Helen Shalders

Helen Shalders

Last updated on 19 December 2019

Helen Shalders is Digital Archives and Cataloguing Manager at Historic England

The Historic England digital archive, which forms part of the Historic England Archive (HEA), holds 60TB of data, predominately images in TIF format but also, PDFa, shape, wav and mp3 and some more obscure specialist formats.  We ingest around 100 thousand files per year which is around 5TB. What we hold represents a national data set, and the content has usage potential well beyond the heritage sector. We have recently moved our Archive to the cloud, with mixed results and we use Extensis Portfolio as our platform of choice as well as a plethora of spread sheets to manage our holdings. Digital material for which appropriate rights are held is available to view via our website (archive.historicengland.org.uk). We have just commissioned Golant Innovation to work with us on developing a DAM proposal and business model.

Perhaps it’s unsurprising that my colleagues and I view much of what we hold as priceless. An aerial photo of a parch mark revealing a Roman villa may have been visible once for only a few months; the photographic record, pre-destruction, of an old building is unique and irreplaceable. Yet digital preservation challenges are poorly understood (even by us) and aligning funding and IT development are challenging. Since taking on the role of Digital Archive Manager nine years ago I have been involved in several projects to develop the digital archive and put it in a better place.

So, how can we convince those who can support us that what we have is worth not just investment now, but worth investment over time? The second part of the question is the rub I think. Digital preservation is a moving target. One of my first successes on taking on this role was to ensure we had an adequate backup regime. Back in 2010, this was a mix of servers, local and remote, tapes and detached hard drives. Since then we’ve used a DAS and remote storage and now we are in the cloud. This last is a problem- we are going backwards in terms of speed of access and it’s expensive. At the time we were using DAS and remote storage we were running DROID and Fixity to have at least some preservation data to work from. Our implementation of a cloud-based system has not been without its issues, and day to day movement of files for work is proving unwieldy, whilst both DROID and Fixity are not currently working. We are learning lessons about building a Digital Archive on the fly and are driven by a complexity of other developments and issues.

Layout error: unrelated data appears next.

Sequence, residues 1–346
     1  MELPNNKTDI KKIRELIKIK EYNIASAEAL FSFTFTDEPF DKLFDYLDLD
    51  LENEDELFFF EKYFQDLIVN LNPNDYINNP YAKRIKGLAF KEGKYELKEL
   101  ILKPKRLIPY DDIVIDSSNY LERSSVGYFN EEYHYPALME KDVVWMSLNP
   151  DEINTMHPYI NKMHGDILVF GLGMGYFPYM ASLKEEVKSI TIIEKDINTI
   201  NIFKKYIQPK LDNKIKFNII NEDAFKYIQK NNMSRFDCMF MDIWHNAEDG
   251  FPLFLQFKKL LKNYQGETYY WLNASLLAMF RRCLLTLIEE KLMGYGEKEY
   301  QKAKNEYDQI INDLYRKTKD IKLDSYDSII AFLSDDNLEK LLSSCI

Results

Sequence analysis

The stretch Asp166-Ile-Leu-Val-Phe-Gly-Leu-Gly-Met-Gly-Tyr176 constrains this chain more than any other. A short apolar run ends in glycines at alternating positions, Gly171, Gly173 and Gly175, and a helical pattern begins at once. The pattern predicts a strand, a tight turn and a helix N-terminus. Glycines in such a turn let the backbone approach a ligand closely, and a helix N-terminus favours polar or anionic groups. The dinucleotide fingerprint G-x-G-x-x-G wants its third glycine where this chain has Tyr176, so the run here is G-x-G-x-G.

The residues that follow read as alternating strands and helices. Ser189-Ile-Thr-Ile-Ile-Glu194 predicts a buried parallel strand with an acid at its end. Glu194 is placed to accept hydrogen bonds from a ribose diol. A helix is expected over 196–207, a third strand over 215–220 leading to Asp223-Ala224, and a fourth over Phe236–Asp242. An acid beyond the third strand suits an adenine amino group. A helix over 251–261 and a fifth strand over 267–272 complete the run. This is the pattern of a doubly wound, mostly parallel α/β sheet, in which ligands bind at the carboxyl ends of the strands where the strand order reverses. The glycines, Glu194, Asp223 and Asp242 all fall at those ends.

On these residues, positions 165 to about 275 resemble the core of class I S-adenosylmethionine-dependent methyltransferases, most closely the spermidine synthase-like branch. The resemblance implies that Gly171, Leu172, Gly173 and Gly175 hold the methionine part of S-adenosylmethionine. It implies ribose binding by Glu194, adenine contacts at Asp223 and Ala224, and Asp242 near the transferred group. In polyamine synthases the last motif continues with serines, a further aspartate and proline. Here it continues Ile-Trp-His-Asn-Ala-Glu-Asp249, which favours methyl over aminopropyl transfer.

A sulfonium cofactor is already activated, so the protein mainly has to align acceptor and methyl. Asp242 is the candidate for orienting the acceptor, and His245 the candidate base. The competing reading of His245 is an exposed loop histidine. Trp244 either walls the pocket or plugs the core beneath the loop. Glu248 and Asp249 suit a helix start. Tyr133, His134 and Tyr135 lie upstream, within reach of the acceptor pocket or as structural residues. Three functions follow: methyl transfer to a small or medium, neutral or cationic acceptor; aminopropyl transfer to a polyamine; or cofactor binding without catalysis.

It’s hard to remember that we are but a few decades into the world the internet has created. People anticipate information instantly and in the case of an august and learned institution, the expectation is that the information is accurate and reliable. For our material to be valued the solution to our digital archive must include provision of high quality metadata. This might be drawn from the catalogues; it might be from the creator or more likely from both. The technical solution for the digital archive must include this as well as a swift and secure means for dissemination via the web.  Again, this is a moving target. Ten years ago the expectations for hand held devices were much more basic. Now people want to access data on the move, use geo-referencing to do this and also to be able to share what they have found.

We need a proper, end to end preservation and storage solution using a digital archive specific cloud and a full suite of functioning preservation software. With this we can develop a multifaceted means of distribution. We have to promote a better understanding of the challenges around digital archiving and engage in a conversation to promote help people understand that to provide proper care and proper access to our archive that we are worth on-going investment. As technology advances so will the methods of digital preservation.

So what are we doing? We are working towards a holistic digital preservation strategy, planning a digital asset management solution for the wider organisation within which the Digital Archive will be secure. By working together we hope to ensure that all the digital resources will have enhanced storage, preservation and access. By combining the significance of the holdings and the resources required to maintain them will be highly evident. We are also moving our language away from describing ourselves as a Digital Archive and talking about Digital Preservation, many of our colleagues who support us in IT have an understanding of what a digital archive is, but it is certainly not what we mean, language barriers like this have set us back in our plans and implementation. 

At present our digital preservation system is embryonic but we are determined and committed to moving forwards.  Watch this space.

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